When “Mostly” is Not Enough Part Two: IRS Issues New Warning to Taxpayers of When Disclosure is Not “Adequate”

By Anthony P. Daddino on August 22, 2017

 

In recent months, the IRS has fired two separate shots across the proverbial bow, highlighting the dangers of “incomplete” or “inadequate” reporting as it relates to imposition of penalties and the elongation of the statute of limitations. This blog post explores a Legal Advice memorandum wherein the IRS ruled that a gift tax return did not adequately disclose a gift and therefore the return did not start limitations period. A separate blog post, linked here explores an International Practice Unit issued by IRS Exam detailing when compliance is not “substantial” and therefore international information return penalties apply.

In Legal Advice issued by IRS Field Attorneys (LAFA), the IRS addressed the impact of an incomplete Form 709 on the statute of limitations. Like income taxes, the IRS has three years to assess the amount of any gift taxes after a Form 709 is filed. An exception applies to the tax on a gift not adequately disclosed on a gift tax return or in a statement attached to the return. In that case, the gift tax may be imposed at any time. The facts presented in the LAFA involve a taxpayer that, in addition to its failure to file gift tax returns for certain years, filed a Form 709 for one year that failed to describe the transferred property as well as provide a description of the method used to determine the value of the transferred property. The IRS concluded that the gift was not adequately disclosed on the gift tax return, and therefore the limitations period to assess gift taxes had not yet expired. A copy of the LAFA is linked here. The LAFA’s warning should especially be heeded by those taxpayers reporting on Form 709 a “zero-gift” transfer (i.e., transfer for full and fair consideration), where the purpose of the return filing is to start the statute of limitations. Taxpayers would be wise to err on the side of over-disclosure to insure that their filings meeting the adequate disclosure requirements set forth in Regulation sec. 301.6501(c)-1(f)(2).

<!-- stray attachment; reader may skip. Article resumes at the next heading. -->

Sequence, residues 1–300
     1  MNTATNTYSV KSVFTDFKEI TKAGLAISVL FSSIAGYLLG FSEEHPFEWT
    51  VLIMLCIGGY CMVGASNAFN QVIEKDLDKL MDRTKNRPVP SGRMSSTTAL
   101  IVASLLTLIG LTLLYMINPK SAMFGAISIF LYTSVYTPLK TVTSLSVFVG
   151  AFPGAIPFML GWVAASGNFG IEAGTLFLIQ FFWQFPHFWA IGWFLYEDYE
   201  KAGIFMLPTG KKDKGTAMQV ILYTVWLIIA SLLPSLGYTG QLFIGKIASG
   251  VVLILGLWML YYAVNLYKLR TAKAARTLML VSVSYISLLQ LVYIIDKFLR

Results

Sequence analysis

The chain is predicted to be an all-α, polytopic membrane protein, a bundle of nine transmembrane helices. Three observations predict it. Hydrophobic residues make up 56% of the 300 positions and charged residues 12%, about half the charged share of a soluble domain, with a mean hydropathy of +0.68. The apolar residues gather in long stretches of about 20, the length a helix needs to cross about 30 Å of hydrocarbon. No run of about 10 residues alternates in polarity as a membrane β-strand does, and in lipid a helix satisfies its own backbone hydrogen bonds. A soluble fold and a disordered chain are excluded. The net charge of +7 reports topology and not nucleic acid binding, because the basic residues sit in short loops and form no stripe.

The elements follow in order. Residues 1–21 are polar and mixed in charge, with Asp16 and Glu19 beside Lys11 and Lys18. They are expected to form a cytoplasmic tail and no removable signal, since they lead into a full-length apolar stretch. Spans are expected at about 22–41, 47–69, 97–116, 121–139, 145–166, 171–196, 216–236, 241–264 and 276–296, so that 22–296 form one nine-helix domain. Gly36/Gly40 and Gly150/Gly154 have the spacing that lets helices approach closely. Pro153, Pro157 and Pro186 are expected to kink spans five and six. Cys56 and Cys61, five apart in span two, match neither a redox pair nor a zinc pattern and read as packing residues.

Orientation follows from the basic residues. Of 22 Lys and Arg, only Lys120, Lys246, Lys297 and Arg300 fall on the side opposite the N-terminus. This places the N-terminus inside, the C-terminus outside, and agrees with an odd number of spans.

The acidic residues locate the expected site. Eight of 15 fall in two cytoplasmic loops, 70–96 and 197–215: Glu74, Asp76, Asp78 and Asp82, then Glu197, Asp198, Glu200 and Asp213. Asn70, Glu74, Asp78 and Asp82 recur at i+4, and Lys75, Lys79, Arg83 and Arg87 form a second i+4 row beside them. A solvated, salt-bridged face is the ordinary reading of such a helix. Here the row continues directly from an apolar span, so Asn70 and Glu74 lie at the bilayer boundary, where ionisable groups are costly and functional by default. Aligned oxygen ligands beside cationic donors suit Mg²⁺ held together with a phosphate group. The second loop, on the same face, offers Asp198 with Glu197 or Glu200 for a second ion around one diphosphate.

The takeaway: filing is simply not enough. A return that is incomplete is no return at all, potentially exposing the taxpayer to an unlimited statute of limitations. As tax practitioners, we are well advised to heed this IRS warning and make sure that the returns filed by our clients meet the minimum thresholds for disclosure.

If you have any questions related to IRS reporting disclosures, or any other tax issue, please do not hesitate to contact me at (214) 749-2464 or email me at adaddino@meadowscollier.com.

     





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